|Beat team mate in qualifying||9/19|
|Beat team mate in race||6/16|
|Laps spent ahead of team mate||479/1041|
Di Resta looked accomplished and confident in F1 from his very first race weekend. He went on to have an excellent debut season and in many other years would have easily been top rookie.
Most impressively for a new driver, he completed more racing laps than anyone in 2011 – 1,106 out of 1,133.
But he wasn’t just a safe pair of hands. Di Resta frequently out-qualified his team mate early in the year including an excellent sixth at his home race.
Later in the season the team tended to split strategies between their cars, di Resta using the less conservative approach. This served him well at times, such as in Singapore where he finished sixth. But more often he found himself on an inferior strategy, as in India.
Points finishes in six of the final nine races underlined a wholly credible first season in F1 for di Resta.
Definitely a star of the future but just couldn’t keep Adrian behind.
11. Jaime Alguersuari
|Beat team mate in qualifying||6/19|
|Beat team mate in race||6/12|
|Laps spent ahead of team mate||413/874|
Alguersuari’s season didn’t really start until he’d figured out how to make the 2011-spec tyres work well with the STR6. Once he did that, he gave Toro Rosso their best results of the season with a pair of seventh places in Italy and Korea.
He might have done even better from sixth on the grid at Spa – his best-ever qualifying position – had he not been shunted by Bruno Senna at the first corner.
Alguersuari had a tough lesson in the politics of Red Bull when he received a dressing-down from Helmut Marko having failed to get out of Sebastian Vettel’s way during practice in Korea. He did nothing wrong besides mildly inconvenience Marko’s favourite son, and hopefully it won’t compromise his future in the sport.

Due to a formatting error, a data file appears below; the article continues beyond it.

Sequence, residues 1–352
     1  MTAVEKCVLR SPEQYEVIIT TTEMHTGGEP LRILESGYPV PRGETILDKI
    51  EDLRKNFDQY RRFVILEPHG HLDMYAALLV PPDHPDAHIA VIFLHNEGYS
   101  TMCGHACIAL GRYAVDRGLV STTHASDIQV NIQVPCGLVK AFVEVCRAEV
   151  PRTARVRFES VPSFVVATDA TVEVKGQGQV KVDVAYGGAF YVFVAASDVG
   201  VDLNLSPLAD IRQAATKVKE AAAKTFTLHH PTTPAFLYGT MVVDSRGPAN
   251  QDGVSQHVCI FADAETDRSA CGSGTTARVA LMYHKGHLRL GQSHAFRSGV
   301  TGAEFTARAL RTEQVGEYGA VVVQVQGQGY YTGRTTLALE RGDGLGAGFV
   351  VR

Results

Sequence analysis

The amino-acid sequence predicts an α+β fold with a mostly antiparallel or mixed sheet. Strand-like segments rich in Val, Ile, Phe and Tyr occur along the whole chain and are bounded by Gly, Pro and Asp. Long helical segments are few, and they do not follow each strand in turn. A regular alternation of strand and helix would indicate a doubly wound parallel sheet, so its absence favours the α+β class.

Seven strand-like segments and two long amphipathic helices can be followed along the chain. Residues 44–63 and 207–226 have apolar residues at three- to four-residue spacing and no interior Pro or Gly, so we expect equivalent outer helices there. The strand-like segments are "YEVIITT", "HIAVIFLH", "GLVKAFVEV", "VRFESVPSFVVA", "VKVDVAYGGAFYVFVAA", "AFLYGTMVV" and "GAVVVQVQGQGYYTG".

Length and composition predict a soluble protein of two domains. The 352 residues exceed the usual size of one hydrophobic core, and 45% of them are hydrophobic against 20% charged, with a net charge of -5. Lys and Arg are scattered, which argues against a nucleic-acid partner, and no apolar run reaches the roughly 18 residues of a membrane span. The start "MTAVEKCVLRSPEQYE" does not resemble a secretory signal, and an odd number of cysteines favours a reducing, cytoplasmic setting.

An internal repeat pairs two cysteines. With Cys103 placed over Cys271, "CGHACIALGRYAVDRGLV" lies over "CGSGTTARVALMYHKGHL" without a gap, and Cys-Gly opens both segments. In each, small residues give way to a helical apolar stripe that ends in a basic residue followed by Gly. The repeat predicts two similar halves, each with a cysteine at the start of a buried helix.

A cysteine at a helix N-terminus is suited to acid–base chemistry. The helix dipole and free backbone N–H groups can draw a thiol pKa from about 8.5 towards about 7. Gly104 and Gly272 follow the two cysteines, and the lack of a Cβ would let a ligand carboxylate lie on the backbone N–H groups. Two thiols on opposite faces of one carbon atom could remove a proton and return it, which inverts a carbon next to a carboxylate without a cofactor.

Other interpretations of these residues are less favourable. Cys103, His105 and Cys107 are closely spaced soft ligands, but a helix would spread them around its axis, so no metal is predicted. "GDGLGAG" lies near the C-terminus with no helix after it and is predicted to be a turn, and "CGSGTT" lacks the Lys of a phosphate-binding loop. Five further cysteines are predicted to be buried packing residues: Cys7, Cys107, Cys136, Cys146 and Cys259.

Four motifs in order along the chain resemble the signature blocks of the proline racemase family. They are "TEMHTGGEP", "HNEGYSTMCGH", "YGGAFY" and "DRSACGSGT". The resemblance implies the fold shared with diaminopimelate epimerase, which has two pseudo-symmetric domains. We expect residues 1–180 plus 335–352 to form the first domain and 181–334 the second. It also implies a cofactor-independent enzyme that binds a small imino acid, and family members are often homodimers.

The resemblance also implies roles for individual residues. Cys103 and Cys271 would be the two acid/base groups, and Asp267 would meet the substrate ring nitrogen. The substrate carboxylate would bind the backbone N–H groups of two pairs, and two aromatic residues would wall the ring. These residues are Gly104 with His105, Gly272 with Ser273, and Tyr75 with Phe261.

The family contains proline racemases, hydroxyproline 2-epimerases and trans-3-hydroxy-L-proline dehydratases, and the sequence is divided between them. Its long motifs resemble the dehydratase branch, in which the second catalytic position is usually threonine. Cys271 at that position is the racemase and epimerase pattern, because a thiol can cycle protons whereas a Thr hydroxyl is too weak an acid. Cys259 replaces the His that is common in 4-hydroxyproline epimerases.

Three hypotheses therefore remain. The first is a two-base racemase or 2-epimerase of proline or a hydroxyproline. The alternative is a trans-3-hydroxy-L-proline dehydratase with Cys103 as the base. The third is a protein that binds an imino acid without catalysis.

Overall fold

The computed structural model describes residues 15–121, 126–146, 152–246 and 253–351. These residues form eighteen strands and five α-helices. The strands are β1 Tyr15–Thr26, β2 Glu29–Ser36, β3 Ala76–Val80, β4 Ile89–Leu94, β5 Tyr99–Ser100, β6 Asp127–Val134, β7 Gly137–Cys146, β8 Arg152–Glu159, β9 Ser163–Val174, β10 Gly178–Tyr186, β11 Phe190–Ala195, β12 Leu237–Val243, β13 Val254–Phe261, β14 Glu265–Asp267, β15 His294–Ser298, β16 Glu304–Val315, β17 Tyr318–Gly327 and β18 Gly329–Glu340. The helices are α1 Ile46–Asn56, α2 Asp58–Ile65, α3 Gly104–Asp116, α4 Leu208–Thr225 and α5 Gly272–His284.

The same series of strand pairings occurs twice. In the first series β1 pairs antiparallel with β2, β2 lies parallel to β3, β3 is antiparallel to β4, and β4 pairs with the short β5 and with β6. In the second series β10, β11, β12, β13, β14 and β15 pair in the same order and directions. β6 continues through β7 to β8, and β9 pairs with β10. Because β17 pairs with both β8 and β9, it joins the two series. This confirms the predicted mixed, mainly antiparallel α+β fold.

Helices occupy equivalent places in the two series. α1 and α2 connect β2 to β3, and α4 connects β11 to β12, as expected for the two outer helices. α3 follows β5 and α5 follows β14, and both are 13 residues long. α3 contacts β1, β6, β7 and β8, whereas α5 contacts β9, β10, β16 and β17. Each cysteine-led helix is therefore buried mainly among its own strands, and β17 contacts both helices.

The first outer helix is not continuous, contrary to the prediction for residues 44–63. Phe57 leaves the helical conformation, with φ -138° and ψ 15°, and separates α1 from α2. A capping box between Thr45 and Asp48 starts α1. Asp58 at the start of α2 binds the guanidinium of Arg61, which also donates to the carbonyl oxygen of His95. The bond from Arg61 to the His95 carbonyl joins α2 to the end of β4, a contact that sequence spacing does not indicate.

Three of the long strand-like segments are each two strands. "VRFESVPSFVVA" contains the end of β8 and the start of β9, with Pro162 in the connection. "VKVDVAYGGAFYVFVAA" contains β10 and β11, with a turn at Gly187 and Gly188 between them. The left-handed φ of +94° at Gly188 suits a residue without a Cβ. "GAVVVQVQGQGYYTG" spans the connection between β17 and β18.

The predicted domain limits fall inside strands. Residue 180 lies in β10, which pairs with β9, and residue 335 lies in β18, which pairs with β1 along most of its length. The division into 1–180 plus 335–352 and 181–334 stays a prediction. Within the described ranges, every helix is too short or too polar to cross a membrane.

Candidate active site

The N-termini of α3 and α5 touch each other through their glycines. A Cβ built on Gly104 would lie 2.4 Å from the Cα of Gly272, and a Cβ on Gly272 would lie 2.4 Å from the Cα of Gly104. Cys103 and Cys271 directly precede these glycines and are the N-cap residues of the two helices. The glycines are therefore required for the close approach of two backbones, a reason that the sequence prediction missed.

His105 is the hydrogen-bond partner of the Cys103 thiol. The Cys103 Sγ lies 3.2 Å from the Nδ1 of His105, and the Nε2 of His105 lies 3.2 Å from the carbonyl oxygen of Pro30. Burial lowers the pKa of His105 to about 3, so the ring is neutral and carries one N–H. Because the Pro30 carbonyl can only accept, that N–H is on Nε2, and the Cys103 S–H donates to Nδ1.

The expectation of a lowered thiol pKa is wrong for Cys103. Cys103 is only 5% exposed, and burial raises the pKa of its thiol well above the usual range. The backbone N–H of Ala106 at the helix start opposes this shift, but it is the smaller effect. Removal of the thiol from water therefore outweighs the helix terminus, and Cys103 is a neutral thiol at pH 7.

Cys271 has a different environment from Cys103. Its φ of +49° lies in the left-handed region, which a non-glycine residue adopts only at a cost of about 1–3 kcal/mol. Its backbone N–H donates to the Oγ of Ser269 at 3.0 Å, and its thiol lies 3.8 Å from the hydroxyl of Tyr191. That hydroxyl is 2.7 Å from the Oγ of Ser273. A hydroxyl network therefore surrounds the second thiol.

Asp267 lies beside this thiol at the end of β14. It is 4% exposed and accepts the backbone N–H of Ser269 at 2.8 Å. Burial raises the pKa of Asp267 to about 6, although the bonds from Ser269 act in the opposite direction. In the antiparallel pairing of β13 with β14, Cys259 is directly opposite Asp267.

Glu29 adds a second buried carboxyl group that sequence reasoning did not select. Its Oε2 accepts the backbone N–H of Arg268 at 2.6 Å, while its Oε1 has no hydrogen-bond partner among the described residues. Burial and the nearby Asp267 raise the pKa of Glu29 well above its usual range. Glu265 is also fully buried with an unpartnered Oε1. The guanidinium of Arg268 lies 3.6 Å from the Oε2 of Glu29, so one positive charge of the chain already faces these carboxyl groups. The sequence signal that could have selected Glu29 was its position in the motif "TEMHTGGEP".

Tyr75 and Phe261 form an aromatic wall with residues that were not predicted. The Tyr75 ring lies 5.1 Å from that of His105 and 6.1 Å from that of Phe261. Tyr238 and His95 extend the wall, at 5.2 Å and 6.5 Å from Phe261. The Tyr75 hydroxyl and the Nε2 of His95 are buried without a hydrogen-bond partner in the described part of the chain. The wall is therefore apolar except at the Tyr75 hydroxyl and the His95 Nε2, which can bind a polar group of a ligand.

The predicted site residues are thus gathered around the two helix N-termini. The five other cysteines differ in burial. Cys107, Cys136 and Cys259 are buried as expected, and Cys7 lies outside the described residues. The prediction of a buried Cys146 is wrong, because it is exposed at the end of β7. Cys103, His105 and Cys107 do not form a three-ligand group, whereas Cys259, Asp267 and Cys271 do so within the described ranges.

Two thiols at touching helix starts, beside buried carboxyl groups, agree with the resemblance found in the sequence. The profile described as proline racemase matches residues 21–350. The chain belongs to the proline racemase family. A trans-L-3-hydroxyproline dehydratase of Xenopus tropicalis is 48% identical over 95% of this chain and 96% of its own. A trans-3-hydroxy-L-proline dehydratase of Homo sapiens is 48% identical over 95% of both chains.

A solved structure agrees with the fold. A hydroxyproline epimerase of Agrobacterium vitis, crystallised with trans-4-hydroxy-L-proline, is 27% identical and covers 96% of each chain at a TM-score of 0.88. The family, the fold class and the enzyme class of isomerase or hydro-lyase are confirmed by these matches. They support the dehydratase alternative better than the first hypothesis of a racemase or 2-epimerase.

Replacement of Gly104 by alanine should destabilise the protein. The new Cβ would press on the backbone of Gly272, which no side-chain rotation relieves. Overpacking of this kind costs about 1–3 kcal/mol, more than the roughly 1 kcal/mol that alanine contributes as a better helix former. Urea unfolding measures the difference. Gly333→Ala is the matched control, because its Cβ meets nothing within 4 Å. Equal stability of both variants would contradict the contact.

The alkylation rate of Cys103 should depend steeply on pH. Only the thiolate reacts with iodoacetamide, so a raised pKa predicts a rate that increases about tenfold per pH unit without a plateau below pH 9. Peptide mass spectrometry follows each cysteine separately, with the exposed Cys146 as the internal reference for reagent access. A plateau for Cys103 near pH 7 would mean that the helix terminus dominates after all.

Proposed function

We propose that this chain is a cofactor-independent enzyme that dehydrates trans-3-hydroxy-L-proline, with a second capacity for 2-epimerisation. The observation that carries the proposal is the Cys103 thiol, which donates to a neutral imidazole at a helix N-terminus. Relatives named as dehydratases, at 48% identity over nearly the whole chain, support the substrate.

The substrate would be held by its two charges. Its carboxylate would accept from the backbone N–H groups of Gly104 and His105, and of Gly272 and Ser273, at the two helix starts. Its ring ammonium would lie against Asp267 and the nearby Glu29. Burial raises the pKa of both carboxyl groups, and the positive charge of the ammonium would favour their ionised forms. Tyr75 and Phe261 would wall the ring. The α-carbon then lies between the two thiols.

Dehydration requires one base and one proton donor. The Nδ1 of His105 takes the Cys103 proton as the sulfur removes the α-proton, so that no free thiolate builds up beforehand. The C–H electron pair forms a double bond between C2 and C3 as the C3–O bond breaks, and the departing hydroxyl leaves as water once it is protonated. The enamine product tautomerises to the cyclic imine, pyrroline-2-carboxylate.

Took his time to get with it this year but when he did, he did so with a bang. Excellent second half of the season and looks to be maturing into a very solid all around package.
Better than Buemi? I?óÔé¼Ôäóm not sure, but I think he has brighter future. Just a hunch.
10. Sergio Perez
|Beat team mate in qualifying||11/18|
|Beat team mate in race||4/11|
|Laps spent ahead of team mate||353/802|
Perez got his F1 career off to a bright start and it might have been an ever better year for him but for his crash in Monaco.
He had just reached Q3 for the first time in his career when he lost control of his car heading into the harbour chicane and made sickeningly heavy side-on contact with the barrier
Although he was unharmed, he missed the next two races and said it took him until the Hungarian Grand Prix to be back at his best. Arguably, this deprived him of some of the best opportunities to make use of the C30, which declined in performance later in the season.
There were a few typical rookie mistakes along the way – not least in China, where he picked up a pair of penalties – but these were largely eclipsed by some singularly impressive performances.
He should have scored points in his first race, where he led his team mate home, only for both to be disqualified on a technicality. He had a season-best finish of seventh at Silverstone and shrugged off illness to take eighth at Suzuka. Sauber snapped him up for another season early in the year and he is already being tipped as a future Ferrari driver.
Great start to the season, shown great qualifying pace, a real shame about the Monaco crash putting him back when the car was at its strongest.
9. Adrian Sutil
|Beat team mate in qualifying||10/19|
|Beat team mate in race||10/16|
|Laps spent ahead of team mate||562/1041|
Sutil’s performances at Force India this year seemed to improve as doubts over his future at the team grew. His rookie team mate gave him more than a few problems early in the season, particularly in qualifying.
The more mature, less crash-prone Sutil we saw in 2010 was still much in evidence. His best results were a pair of sixth-placed finishes at home and – in timely fashion – in the final race of the season.
The latter was enough to put him ahead of Vitaly Petrov in the drivers’ championship. The question now is whether he’s done enough to convince Vijay Mallya to keep him on for a sixth year at the same address.
With di Resta?óÔé¼Ôäós impressive first races against his troubled start, I was concerned for him. But he grew stronger race after race and now I have to admit that Vijay Mallya and not Luca di Montezemolo should want three cars for each team!